Home | En Español | Contact Us | A to Z 

2000 Best Practice Awards

Best of the Best Winner: West Virginia

Best Practice: YWCA Transitional Housing Project

YWCA Transitional Housing Project Provides Homes for Homeless Women and Children

Charleston, West Virginia. The YWCA Transitional Housing Project in Charleston, West Virginia provides affordable housing and supportive services to homeless and battered women and children. The project has recently completed renovating 10 apartments in a building that had long stood vacant that will serve women who are homeless or victims of domestic violence. To provide resources for the project and develop job-training opportunities for residents, two retail establishments have been created on-site.

Residents may live at the transitional

Photo of Debby Weinstein receiving award from Secretary Cuomo & Deputy Secretary Ramirez
Debby Weinstein receiving Best of the Best award from Secretary Cuomo (l) and Deputy Secretary Ramirez (r)

housing project for up to 24 months while they receive a wide range of supportive services to help them become self-sufficient and enable them to remain in a safe environment. Residents work with experienced case managers and have the opportunity to receive adult education, budgeting guidance, job training, parenting education and other services that will enable them to live independently. Criteria for selection for the program include an individual’s motivation to achieve self-sufficiency.

The Kanawha Valley Collective and the city of Charleston identified the need for a program to assist homeless women and victims of violence with long-term services. The YWCA is working in partnership with other organizations to obtain referrals for residents and provide services. One service is the Sisters Mentoring Program, which will match residents with professional women who can mentor them in the skills needed to live on their own and maintain employment. Workshops for residents also will teach skills, such as basic home repair, that will aid participants in living on their own.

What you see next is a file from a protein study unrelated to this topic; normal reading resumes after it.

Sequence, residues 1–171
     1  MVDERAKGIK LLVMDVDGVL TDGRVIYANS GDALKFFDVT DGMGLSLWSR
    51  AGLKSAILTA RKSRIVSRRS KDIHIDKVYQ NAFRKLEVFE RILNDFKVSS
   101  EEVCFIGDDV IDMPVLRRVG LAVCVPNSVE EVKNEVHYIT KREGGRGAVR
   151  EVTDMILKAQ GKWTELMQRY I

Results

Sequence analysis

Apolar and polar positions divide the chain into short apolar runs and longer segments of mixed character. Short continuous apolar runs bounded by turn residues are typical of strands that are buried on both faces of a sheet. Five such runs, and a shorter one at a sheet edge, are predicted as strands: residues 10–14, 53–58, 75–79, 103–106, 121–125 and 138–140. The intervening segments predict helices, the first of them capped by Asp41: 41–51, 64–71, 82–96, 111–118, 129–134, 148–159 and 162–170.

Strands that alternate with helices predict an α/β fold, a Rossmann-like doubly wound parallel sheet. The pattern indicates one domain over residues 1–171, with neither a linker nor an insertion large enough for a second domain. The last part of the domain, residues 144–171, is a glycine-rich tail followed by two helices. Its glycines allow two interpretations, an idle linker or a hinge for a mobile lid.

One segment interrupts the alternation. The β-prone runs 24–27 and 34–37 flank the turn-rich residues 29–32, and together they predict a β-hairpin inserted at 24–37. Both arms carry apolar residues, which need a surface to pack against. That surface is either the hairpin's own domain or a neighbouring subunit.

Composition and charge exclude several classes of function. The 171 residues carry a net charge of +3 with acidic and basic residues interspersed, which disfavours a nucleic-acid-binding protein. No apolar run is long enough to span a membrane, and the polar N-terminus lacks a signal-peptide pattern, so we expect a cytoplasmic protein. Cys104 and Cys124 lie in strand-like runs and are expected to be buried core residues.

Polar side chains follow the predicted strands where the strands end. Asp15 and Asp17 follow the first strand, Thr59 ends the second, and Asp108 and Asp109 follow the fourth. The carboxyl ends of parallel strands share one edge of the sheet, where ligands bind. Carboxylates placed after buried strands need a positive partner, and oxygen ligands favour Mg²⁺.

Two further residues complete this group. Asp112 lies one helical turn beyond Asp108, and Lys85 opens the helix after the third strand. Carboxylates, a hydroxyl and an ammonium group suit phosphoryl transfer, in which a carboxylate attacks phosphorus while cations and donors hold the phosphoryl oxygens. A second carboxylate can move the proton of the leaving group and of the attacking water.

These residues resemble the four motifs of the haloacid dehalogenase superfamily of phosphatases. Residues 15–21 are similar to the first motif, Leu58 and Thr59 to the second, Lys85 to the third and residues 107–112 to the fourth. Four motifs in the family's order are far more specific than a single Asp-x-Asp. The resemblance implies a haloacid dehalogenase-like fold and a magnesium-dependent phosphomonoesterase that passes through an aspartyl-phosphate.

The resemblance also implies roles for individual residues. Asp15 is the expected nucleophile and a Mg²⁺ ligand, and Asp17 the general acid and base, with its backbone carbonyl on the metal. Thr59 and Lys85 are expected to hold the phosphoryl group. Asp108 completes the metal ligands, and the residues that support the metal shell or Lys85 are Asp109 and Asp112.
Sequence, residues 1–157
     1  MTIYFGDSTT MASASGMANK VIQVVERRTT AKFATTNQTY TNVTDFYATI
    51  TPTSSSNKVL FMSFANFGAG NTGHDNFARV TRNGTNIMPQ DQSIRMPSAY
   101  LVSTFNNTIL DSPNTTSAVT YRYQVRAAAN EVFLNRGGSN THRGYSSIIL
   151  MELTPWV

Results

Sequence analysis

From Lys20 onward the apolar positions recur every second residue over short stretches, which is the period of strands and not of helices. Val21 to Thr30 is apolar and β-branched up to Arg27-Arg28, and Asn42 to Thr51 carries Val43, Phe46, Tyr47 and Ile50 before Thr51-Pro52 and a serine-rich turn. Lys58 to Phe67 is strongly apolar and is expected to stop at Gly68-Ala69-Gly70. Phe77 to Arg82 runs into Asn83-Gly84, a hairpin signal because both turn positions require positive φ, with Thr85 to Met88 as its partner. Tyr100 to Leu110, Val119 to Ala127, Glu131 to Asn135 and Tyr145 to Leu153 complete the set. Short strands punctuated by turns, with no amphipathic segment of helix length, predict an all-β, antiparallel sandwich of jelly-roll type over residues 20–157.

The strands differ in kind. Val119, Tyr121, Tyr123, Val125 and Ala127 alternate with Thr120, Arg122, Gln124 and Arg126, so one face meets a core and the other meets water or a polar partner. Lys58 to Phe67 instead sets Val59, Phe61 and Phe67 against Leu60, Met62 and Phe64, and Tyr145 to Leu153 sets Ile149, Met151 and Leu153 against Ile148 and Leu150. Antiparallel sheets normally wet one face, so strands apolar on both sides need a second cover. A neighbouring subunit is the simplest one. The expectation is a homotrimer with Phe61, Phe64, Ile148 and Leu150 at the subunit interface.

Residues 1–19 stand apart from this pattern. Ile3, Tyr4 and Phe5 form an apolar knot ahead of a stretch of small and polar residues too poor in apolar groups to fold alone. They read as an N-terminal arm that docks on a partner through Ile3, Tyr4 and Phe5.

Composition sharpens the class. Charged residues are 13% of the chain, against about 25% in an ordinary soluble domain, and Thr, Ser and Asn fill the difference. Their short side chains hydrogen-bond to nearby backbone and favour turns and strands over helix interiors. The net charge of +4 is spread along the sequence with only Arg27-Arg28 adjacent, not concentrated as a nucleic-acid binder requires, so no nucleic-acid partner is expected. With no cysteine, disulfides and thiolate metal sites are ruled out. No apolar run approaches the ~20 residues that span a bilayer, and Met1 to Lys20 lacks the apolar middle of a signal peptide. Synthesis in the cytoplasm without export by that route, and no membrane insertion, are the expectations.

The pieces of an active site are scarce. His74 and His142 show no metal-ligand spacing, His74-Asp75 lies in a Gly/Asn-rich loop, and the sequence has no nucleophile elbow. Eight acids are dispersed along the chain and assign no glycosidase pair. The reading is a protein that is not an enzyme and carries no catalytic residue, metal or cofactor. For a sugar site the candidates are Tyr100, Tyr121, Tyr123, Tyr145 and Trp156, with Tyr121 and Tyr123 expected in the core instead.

Initial funding was made available through HUD’s Continuum of Care program. Residents who are employed will contribute one-third of their income toward rent. An innovative partnership with two retail stores located adjacent to the apartments will provide both funding and job training for the program’s residents. The YWCA, noting the challenge of maintaining constant funding for the project, launched the Past n’ Present used clothing store and a gourmet coffee shop named Perkin’ Up to support the program. Volunteers contribute time to both operations to keep costs low. Eventually, both stores will provide opportunities to enhance job skills and experience for residents who need employment training.

Contact: Debby Weinstein, Phone: (304) 340-3555
Tracking Number: 1503
Winning Category: Geographic

Return to Best Practices 2000 Best of the Best Winners

Content Archived: April 20, 2011

FOIA Privacy Web Policies and Important Links [logo: Fair Housing and Equal 

U.S. Department of Housing and Urban Development
451 7th Street S.W.
Washington, DC 20410
Telephone: (202) 708-1112 TTY: (202) 708-1455